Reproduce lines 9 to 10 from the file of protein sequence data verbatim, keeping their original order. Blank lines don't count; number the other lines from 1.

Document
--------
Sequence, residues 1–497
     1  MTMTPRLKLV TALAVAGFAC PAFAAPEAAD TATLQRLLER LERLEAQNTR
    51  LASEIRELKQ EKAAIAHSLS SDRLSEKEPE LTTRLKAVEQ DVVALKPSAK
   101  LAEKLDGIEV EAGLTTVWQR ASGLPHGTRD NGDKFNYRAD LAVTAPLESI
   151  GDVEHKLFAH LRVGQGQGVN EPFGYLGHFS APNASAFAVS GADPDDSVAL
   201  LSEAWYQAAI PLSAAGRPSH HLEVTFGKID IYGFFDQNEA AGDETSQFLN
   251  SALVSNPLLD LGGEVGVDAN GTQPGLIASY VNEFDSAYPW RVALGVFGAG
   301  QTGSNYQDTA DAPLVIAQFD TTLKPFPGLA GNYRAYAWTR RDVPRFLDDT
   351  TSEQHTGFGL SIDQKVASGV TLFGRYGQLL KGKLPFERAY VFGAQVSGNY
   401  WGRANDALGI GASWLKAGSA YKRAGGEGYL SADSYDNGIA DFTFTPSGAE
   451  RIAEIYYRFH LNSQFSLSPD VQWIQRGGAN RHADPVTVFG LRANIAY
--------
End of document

   351  TSEQHTGFGL SIDQKVASGV TLFGRYGQLL KGKLPFERAY VFGAQVSGNY
   401  WGRANDALGI GASWLKAGSA YKRAGGEGYL SADSYDNGIA DFTFTPSGAE